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Uncertainty clouds federal obligation on stormwater fees

Baltimore County recently mailed bills for its new stormwater fees, and the Social Security Administration faces a charge of more than $35,000 for its Woodlawn headquarters.

But it's unclear if the agency will pay a penny.

"At this time we have not determined whether it will be appropriate to remit payment for those assessments," spokeswoman Dorothy J. Clark said. "We will study the issue and come to a decision in the near future."

The uncertainty reflects a broader murkiness on whether federal agencies will pay the new state-mandated fee. Derided by some as a "rain tax," the fees are meant to pay for pollution-reducing improvements and are generally based on a property's amount of paved or hard surfaces.

Anne Arundel County Executive Laura Neuman said Friday that the question of federal payments is "a moving target," adding, "We're trying to seek clarification on the issue."

The county is home to two large federal properties: the Naval Academy and Fort Meade, which houses the National Security Agency. Officials at Fort Meade and the Navy office that oversees the academy's facilities did not respond to questions about stormwater fees.

A 2011 federal law sponsored by U.S. Sen. Ben Cardin would seem to have settled the matter. It says that the federal government must pay all "reasonable" stormwater fees, and he has said the measure "holds polluters financially accountable for the pollution that they cause, including Uncle Sam."

And while the state General Assembly exempted local and state government when it approved the stormwater fee law last year, it did not give the federal government a pass.

Yet it's not so simple, says Maryland Association of Counties lobbyist Les Knapp. "There is a policy at the federal level to honor local stormwater fees, but there is an out — federal agencies do not have to pay the fee if the state government exempts itself from paying the fee," he said.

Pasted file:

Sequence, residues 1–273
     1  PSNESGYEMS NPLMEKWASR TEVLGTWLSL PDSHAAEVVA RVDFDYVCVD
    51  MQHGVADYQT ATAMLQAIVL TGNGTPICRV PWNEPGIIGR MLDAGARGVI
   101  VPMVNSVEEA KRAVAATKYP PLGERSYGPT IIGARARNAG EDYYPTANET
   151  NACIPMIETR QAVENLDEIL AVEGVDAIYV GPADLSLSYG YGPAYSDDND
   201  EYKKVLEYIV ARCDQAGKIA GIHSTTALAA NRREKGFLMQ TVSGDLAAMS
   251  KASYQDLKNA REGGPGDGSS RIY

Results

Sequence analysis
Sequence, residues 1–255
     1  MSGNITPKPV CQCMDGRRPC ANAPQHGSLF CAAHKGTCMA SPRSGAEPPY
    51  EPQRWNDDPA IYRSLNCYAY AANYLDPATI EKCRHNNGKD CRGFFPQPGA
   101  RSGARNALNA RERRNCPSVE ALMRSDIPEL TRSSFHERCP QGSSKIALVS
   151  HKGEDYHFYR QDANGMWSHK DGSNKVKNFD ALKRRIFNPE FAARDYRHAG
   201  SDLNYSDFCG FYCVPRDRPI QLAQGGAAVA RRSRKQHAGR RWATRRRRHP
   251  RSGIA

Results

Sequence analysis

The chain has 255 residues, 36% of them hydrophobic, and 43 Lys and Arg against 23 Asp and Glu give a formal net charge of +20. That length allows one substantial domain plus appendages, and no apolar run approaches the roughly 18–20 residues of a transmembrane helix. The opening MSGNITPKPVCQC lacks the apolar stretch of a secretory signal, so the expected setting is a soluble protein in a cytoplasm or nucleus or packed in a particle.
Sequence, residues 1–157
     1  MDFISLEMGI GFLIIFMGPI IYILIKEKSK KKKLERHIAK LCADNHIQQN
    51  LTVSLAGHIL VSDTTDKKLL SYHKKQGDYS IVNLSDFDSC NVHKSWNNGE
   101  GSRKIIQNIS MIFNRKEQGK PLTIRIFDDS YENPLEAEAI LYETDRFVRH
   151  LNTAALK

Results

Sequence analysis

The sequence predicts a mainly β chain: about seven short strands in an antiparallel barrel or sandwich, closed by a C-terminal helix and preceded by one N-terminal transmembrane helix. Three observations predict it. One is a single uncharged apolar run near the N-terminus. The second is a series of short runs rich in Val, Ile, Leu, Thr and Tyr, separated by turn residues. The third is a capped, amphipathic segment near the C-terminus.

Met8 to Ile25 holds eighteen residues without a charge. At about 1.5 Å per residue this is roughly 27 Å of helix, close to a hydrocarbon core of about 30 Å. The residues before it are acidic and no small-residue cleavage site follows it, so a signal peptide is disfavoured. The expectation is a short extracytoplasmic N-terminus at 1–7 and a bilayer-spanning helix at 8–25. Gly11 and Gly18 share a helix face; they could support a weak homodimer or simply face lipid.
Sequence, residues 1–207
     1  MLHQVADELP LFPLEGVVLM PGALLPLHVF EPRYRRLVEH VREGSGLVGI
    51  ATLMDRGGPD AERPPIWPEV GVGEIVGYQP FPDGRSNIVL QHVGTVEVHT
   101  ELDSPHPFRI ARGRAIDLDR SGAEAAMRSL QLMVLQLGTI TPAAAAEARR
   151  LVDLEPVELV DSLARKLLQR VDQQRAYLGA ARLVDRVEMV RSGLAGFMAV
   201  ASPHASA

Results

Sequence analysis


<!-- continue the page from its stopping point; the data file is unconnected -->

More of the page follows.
Sure enough, he said: "Federal agencies have maintained that they do not have to pay the fee." Officials in Montgomery County, which has had a stormwater fee for several years, say federal agencies haven't yet paid any fees there.

Last week a spokeswoman for the General Services Administration, which acts as landlord for many federal properties, said the agency "expects to pay such assessments … once we have determined that they meet the requirements" of the Cardin law.

Del. Maggie McIntosh, a Baltimore Democrat, said she expects the O'Malley administration to include funds in next year's state budget to cover stormwater fee payments to the counties for any state properties not already required to control their runoff.

She acknowledged some federal agencies are apparently refusing to pay as long as the state doesn't. "If we can get the state to pay, that will help us when we go to collect from the feds," she said.

Like Baltimore County, Baltimore City and Howard County plan to charge fees on federal properties.

Harford County officials say they will bill most federal sites, including an Army tank testing facility and Postal Service land. But county spokesman Ben Lloyd said the county doesn't think it can collect from Aberdeen Proving Ground because it has its own federal stormwater discharge permit.

Noting that the new fees stem from federal mandates, Lloyd said it would be "ironic" for the U.S. government to assert a blanket exemption, "especially given the strain that these requirements place on our taxpaying citizens and businesses trying to stay afloat in this economy."

Sun reporter Timothy B. Wheeler contributed to this article.


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